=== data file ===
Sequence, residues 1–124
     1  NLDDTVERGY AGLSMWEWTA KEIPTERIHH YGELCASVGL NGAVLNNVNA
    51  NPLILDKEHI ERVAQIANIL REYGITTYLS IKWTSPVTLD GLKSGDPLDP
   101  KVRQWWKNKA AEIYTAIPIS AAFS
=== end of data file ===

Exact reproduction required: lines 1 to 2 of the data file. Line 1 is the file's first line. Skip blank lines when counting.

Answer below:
Sequence, residues 1–124
     1  NLDDTVERGY AGLSMWEWTA KEIPTERIHH YGELCASVGL NGAVLNNVNA